My first visit to the Louvre was quite different, we had very little time and company that had a low threshold for artistic exposure, so I picked up the catalogue and we sat down for coffee. We quickly agreed things that we would all like to see and made directly for them. I was happy to see the Rembrandts and Vermeers and Caravaggio’s scandalous and wonderful ‘Death of the Virgin’, Sharon enjoyed a breeze through the Egyptian collection and my daughter’s boyfriend loved the ceilings, so everyone was happy.

In the Louvre viewing The Fortune Teller by Caravaggio
In the Louvre viewing ‘The Fortune Teller’ by Caravaggio

If you have the time and like a challenge, make yourself see the parts of these magnificent galleries you thought you might like to miss. You might stumble on an artist you have never heard of and find you love or discover that, actually, those Medieval Altar painters really knew what they were doing and that their beautifully preserved works are real treasures you’d have hated yourself for missing. And if you want to fall in love with the Madonna, Sassoferato’s simply exquisite portrait in the National Gallery is a great place to begin.

Sassoferato's Madonna in The National Gallery, London
Picture of Sassoferato’s Madonna taken during a visit to The National Gallery, London

Above all, there is no substitute for seeing great paintings in person, it’s a visceral, thrilling experience that no photograph of them can ever match. No matter how familiar you think you are with a work from books, the real thing will always yield surprises, and be so much richer. You will likely be poorer however, especially if you’re like me, because having found all of these new artists, you now have to buy the books!


Portrait of Johnny Jonas by David Goatley

Everyone needs a hero. Not the kind in tights and capes, but someone out in front of them to admire and emulate, somebody who has already achieved the kind of things you are trying to get to. This is certainly true for artists.

When I first began painting I was inspired by Rembrandt, as I’ve said. I didn’t believe I could be Rembrandt – I’m not delusional – but I wanted him out in front of me like some kind of Grail. So, while he remained the unattainable goal to shoot for, I needed to pick someone as a first hero who was doing things I could maybe realistically achieve if I worked hard enough, things I could learn from to help me get started. I was very fortunate in meeting a real live artist – Johnny Jonas – who offered to show me ‘a few tricks’ and who was kind enough to encourage me to believe I could do what he did – even if, as I was to discover – it wasn’t as easy as he made it look. Johnny was my first hero and he remains a dear and valued friend to this day. He became a true mentor as well as a friend. I was lucky.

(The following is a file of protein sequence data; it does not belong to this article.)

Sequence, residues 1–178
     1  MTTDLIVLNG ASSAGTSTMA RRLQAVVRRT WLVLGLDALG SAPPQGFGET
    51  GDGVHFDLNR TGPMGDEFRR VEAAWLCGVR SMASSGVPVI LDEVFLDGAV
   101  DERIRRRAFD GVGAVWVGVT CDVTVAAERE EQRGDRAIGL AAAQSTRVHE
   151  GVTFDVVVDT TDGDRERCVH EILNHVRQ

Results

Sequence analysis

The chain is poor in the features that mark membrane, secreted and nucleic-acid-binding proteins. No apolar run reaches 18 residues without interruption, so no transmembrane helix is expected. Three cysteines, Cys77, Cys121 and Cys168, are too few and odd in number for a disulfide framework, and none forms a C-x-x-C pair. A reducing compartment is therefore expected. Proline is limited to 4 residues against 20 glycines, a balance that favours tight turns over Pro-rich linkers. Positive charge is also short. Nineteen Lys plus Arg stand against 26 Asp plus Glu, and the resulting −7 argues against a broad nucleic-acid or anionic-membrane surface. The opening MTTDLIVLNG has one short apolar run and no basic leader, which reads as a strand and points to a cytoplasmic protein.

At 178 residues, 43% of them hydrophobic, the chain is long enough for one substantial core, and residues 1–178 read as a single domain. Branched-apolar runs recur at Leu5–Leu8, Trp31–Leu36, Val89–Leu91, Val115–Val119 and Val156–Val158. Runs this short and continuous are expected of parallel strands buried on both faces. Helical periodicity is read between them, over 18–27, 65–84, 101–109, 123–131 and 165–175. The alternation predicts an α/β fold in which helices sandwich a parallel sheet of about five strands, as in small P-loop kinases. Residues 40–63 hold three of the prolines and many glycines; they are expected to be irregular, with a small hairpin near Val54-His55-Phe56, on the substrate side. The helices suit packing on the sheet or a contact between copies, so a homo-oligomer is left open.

Portrait of a Woman by Johnny Jonas

What if you are not similarly fortunate in meeting someone like Johnny? Well, there are plenty of ‘how to’ books on portrait painting, some of them a little older now and perhaps not as easy to find in your local store, but they are out there if you search on line. Books by artists like John Howard Sanden, Everett Raymond Kinstler, Tom Coates, Burt Silverman, Chris Saper and so many more who have had wonderful careers and offer great practical tips and advice. If you are keen to develop as an oil painter, Richard Schmid’s book ‘Alla Prima – Everything I know about Oil Painting’ available at: www.RichardSchmid.com is the Bible. Essential on any oil painter’s shelf. These are all terrific representational painters, living in the real world, who are themselves in awe of past masters like Rembrandt, Sargent and Velasquez, so the goals they set can seem more attainable and less impossible to ever reach.

Images of How To books - essential reading for new artists
Essential reading

Many of today’s successful artists offer instructional DVD’s rather than books and these are wonderful tools for learning. On DVD you can actually watch how they work, see them make their first decisions, mix colours and build the foundations of a portrait before bringing it to a wonderful conclusion. Everyone has a subtly different approach, a different choice of palette, prefers different brushes and so on. I find it’s wonderful to see as many as I can and learn from them all. There’s no one way of painting, no single formula, but there are fundamentals of drawing, tone, colour temperature and edge control that all these artists aim for, goals they would all agree on, even if they set out for them by different routes. Find what works for you.

Fortunately for all of us, many of today’s great portraitists offer workshops. These may be expensive to attend, hard to get into, and often far from where you live, but they can make a big difference in discovering the way forward. And how often do you get to be in the same room as a hero? I learned an enormous amount from a week with Burt Silverman when I was already 20 years into my career and would love to spend time in workshops with other of my heroes. There is always so much more to learn.

DVDs and books by portrait artist Burton Silverman
My Burton Silverman collection!

When I first started I looked at work I thought I just might be able to do if I practiced enough. As I got closer to those first targets, I found the goalposts shifted and I was looking at work that was tougher to match, techniques and skill sets that were further into the distance. New heroes. By trying to copy them, by experimenting with their materials, approaches and techniques I discovered things that worked for me and began to grow. I’m still doing it, still looking towards the gods on Mt. Olympus, still scrambling up the slopes, scraping my knees, but the example of those heroes keeps me climbing.

For the past 26 years I’ve also been teaching classes and workshops of my own, passing on all I’ve learned and growing further through the process. That so many people have wanted to learn from me is a big responsibility. Perhaps in my own small way I have may have been a bit of a hero to them and whilst I certainly don’t see myself that way, I am proud to be a part of the chain of learning through doing that goes all the way back through my heroes to the Masters of the past.

If I had said ‘It’s Rembrandt or bust’ right at the outset, I’d have doomed myself to a lifetime of disappointment, but by picking more mortal heroes I have managed to keep learning – and I hope I always will.